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Will you dip a new chip on Super Sunday?

They started as simple "potato crunches" and now there are more flavors and options than ever. "Today" food editor Phil Lempert explains where they came from and what the latest trends are for this favorite big-game snack.
/ Source: TODAY

Like it or not, today’s Super Bowl Sunday has become as much of a food event as it has a sports event. The Super Bowl now ranks as the number two food consumption event of the year, second only to Thanksgiving!

So what’s the favorite food for the Super Bowl? Without a doubt, it’s got to be the chip.

According to Frito-Lay, the nation’s largest chip manufacturer, they must increase production in the weeks leading up to the event by more than 10 million pounds of chips just to meet the demand for Sunday’s viewing event. Add that to a normal week’s consumption and, according to ACNielsen Scantrack, that makes the chip business in supermarkets in the United States worth over $2.7 billion each year. Total sales, in all outlets everywhere in the U.S., including places like convenience stores, delis and ballparks, top $6 billion!

You could easily guess which segment of the chip business is growing the fastest… It’s the reduced fat varieties which last year grew over 25 percent — and that’s even before the "low-carb" chips hit the shelves.

Last year, Americans consumed over 1.85 billion pounds of chips as the potato chip officially celebrated its 150th birthday, and while today there are hundreds of brands and varieties lining the supermarket shelves; it is still the "plain" potato chip that remains the sales leader capturing over 80 percent of sales.

History of the chip
The potato chip hasn’t changed all that much since it was first invented back in 1853 by a cook by the name of George Crum in Saratoga Springs, New York.

Crum, worked at the Moon Lake Lodge, and according to folklore, didn’t much care for customers who complained and sent their food back to the kitchen. One such customer, reportedly Commodore Cornelius Vanderbilt, sent back his dinner complaining that the standard, thick-cut French style that was popularized in France in the 1700s and brought to the United States by Thomas Jefferson (when he returned from his stint as ambassador to that country) were too thick for his liking and sent back the order. Crum then cut and fried a thinner batch, but Vanderbilt once again complained, and sent these fries back to the kitchen. As was his manner, Crum decided to get even with the unknown guest, and prepared French fries that were too thin and crisp to skewer with a fork.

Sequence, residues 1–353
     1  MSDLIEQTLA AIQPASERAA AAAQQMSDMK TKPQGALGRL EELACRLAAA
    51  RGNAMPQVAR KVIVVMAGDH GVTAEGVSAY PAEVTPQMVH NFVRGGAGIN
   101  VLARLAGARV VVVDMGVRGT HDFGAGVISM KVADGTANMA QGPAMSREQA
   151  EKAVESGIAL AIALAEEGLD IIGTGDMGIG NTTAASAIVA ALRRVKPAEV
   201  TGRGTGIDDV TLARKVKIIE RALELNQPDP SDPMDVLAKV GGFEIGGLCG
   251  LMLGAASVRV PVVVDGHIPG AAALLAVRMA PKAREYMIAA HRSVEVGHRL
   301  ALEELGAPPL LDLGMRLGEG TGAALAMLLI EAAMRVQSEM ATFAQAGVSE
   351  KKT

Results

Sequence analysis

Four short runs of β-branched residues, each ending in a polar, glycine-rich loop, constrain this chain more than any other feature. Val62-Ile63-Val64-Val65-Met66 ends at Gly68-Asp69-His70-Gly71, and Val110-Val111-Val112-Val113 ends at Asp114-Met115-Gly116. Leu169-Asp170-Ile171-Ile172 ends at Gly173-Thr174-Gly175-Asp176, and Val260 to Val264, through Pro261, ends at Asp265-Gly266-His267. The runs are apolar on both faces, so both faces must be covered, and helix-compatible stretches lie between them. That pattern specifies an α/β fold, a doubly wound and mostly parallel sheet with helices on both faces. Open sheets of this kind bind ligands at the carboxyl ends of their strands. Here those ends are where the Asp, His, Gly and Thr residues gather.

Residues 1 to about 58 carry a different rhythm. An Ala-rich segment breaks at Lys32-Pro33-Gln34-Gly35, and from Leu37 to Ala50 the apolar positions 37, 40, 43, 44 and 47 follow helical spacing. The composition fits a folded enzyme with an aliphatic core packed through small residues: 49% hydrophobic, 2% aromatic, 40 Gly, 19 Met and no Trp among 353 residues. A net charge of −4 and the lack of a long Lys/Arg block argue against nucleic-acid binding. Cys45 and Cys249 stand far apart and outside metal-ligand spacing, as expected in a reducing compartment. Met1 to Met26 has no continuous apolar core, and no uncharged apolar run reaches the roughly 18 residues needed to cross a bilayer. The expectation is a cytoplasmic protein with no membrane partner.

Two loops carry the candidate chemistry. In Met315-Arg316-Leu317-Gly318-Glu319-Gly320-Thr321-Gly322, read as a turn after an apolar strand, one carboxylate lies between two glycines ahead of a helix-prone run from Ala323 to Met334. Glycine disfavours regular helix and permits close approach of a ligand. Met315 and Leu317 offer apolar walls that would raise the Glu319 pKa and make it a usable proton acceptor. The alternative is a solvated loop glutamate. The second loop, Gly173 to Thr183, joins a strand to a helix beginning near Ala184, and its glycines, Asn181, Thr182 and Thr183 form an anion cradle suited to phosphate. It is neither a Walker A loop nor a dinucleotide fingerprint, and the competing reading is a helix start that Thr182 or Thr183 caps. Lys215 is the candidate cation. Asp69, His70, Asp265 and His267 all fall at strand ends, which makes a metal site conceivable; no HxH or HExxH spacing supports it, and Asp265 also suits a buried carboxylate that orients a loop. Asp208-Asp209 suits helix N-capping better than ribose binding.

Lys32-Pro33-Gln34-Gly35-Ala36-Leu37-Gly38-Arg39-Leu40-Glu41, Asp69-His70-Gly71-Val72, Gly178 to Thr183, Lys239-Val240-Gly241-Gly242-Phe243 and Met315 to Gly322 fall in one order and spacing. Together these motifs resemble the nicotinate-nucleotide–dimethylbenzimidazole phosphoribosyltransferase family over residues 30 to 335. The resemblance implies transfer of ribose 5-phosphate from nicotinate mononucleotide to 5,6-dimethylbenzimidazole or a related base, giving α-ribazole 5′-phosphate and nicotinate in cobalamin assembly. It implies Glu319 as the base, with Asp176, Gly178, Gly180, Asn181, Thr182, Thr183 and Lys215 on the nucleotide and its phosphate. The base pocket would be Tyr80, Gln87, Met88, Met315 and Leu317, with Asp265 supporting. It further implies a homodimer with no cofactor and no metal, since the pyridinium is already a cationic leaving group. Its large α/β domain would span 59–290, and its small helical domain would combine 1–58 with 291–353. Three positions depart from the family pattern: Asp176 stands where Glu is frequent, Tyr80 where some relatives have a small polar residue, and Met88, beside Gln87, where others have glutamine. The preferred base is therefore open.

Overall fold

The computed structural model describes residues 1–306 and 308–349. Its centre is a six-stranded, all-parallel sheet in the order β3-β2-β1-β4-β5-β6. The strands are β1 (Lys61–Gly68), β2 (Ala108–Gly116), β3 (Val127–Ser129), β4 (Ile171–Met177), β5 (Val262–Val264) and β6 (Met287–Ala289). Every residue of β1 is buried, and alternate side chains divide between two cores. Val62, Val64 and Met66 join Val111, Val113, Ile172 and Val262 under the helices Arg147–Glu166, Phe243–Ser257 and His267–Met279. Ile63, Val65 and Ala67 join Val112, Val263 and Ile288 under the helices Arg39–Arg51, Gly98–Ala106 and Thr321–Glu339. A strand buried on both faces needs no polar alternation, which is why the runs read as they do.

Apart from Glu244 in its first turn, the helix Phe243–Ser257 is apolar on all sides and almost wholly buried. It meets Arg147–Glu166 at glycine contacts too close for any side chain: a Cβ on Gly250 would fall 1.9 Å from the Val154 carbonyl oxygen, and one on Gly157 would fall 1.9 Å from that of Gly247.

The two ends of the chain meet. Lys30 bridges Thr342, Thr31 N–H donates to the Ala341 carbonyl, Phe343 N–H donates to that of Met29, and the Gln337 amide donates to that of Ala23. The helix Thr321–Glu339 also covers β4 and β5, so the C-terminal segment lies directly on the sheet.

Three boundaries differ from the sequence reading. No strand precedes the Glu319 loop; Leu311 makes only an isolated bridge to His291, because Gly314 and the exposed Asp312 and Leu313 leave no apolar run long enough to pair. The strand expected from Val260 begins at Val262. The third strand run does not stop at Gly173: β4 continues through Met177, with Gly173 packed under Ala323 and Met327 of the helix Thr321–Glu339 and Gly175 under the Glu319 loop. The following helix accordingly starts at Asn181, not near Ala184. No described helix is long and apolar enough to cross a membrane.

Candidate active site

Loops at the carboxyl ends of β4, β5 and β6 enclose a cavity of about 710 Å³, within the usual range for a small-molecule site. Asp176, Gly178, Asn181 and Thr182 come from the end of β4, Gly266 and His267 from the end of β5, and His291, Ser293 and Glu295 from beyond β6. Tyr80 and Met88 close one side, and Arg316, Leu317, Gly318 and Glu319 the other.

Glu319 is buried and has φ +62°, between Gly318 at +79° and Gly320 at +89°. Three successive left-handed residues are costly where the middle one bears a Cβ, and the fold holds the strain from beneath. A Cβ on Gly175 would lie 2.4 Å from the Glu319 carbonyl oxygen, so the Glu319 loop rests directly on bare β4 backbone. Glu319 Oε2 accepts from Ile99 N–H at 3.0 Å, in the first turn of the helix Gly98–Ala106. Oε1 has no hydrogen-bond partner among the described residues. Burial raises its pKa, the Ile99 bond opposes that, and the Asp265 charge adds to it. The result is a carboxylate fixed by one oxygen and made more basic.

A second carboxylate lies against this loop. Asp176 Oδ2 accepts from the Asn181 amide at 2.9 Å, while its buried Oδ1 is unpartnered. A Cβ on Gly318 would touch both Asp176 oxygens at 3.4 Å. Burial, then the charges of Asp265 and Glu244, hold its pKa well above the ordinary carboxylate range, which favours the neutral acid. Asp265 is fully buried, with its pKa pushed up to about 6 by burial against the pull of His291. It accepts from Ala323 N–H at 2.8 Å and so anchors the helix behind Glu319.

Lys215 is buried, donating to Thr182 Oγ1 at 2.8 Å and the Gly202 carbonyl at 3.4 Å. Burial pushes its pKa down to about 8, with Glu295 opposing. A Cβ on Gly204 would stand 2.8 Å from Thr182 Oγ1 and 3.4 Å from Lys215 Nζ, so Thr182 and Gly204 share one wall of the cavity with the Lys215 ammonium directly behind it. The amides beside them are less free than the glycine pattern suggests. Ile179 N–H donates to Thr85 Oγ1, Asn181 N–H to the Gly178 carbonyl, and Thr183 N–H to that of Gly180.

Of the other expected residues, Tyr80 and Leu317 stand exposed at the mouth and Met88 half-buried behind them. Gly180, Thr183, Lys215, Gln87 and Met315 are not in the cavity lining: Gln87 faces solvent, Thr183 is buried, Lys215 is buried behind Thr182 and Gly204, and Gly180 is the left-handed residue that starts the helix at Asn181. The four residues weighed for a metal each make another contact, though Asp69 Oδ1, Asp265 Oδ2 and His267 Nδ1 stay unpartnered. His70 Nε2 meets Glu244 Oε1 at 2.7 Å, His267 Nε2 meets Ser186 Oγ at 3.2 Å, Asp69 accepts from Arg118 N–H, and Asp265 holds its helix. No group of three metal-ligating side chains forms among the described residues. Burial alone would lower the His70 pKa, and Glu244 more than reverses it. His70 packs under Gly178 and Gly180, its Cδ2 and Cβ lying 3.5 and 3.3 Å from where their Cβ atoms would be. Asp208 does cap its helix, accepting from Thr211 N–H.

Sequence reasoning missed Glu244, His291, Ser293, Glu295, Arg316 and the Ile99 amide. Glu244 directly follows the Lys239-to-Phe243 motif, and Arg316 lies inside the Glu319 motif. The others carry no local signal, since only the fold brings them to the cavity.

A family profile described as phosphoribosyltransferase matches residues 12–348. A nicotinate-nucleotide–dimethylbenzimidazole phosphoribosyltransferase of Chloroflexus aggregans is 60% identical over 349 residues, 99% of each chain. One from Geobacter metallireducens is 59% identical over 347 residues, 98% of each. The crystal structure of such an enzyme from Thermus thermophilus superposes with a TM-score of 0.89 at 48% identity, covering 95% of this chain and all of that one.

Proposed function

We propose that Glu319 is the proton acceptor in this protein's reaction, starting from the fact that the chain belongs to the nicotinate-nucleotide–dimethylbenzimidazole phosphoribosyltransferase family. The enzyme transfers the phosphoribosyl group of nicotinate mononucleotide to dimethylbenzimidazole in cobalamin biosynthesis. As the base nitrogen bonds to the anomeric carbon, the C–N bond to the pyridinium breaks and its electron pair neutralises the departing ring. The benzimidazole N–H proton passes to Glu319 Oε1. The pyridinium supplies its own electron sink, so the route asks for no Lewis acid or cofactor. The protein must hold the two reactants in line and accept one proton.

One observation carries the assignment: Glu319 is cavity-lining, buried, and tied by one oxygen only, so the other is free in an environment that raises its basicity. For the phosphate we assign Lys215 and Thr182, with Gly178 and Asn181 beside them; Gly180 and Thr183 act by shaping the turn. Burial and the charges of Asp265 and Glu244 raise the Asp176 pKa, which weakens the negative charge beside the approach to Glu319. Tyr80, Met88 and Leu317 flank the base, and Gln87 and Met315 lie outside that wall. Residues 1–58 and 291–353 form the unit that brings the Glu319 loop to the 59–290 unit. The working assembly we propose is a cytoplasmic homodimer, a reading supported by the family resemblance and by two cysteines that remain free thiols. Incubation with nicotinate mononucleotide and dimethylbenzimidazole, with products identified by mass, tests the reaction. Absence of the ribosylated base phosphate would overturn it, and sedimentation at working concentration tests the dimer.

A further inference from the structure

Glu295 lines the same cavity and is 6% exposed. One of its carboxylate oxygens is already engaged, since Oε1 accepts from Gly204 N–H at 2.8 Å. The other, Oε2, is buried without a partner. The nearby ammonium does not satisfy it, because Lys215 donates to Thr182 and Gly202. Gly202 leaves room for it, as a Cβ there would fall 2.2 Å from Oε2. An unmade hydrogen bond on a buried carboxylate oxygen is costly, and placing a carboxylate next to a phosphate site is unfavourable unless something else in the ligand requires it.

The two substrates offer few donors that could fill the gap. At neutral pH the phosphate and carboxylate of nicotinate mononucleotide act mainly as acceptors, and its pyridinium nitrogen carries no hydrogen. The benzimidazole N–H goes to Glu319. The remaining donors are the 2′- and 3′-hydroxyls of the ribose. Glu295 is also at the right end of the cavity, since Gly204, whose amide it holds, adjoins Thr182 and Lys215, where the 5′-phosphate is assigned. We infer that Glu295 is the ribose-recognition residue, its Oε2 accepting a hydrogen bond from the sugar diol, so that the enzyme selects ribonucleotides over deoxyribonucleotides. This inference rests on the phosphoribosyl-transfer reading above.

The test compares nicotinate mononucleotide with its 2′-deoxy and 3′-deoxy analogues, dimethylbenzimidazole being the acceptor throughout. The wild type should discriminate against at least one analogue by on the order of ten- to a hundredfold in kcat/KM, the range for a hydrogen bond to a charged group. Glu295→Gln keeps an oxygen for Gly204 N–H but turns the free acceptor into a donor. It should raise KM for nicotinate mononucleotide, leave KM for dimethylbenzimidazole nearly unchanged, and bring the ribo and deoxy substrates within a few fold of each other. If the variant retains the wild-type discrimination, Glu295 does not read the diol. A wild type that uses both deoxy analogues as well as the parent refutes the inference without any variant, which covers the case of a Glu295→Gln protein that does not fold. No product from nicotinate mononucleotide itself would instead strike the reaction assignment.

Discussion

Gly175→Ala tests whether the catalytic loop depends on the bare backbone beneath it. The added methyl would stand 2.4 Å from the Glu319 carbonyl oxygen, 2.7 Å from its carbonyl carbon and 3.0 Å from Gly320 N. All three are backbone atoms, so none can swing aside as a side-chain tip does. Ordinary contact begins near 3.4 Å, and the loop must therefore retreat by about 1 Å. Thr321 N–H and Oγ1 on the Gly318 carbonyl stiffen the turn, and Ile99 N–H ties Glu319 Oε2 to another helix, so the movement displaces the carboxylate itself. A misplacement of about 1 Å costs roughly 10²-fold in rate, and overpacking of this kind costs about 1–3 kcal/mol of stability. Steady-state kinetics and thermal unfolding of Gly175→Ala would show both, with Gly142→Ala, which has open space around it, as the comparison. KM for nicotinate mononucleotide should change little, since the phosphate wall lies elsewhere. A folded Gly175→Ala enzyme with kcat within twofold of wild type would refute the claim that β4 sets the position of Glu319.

Supposedly, Vanderbilt loved the browned, paper-thin potatoes, and as fate would have it, other diners requested Crum's potato chips which he called potato crunches, and they soon appeared on the menu as Saratoga Chips, the house specialty; which led to Crum opening his own restaurant, on the lake in Saratoga Springs, called Crum's House, which was financed by four men including Vanderbilt. Crumb called his signature dish "potato crunches" and placed them in baskets on all the tables. He also marketed them for takeout in boxes as "Saratoga Chips" but, not realizing the importance of his creation, neither patented nor otherwise protected his invention.

Potato chip mass production is credited first to William Tappendon of Cleveland, OH, in 1895. He began making chips in his kitchen and delivered them to neighborhood grocery stores; he later created one of the first potato chip factories in a converted a barn in his backyard.

Other brands quickly followed: Leominster Potato Chip Co. (1908), Mike-sell's Potato Chips (1910), Dan Dee Pretzel and Potato Chip Company (1913), Num Num (1918). Blue Bell (1919). The Wise Delicatessen Company and Utz potato chips, both founded in 1921, are credited with being the driving force in expanding beyond their local geography and starting to market in areas where "chips" were unknown on the shelves in grocery stores.

But it was the invention of the mechanical potato peeler and continuous fryer — both in 1929 — that moved potato chips from a local small specialty item to the nation’s top-selling snack that it is today.

And in 1926, Laura Scudder started her potato chip company in California, and developed the wax paper bag to pack her chips to preserve their freshness and crispiness, making possible a wider distribution area.

At about the same time, Herman Lay, a traveling salesman in the South, helped bring potato chips from Atlanta to Tennessee. Lay sold his chips to Southern grocers out of the trunk of his car, building the first successfully marketed national brand of chips. He is also credited with the invention of the mechanical potato chip peeler.

Today's trends
Today, the trends driving chips include more flavors, less fat and calories, reduced carbs, organic, and — much like the trends in wine, beer and coffee — a return to the basics with a number of handmade, kettle-type chips, that are challenging the mainstream products both in taste and price.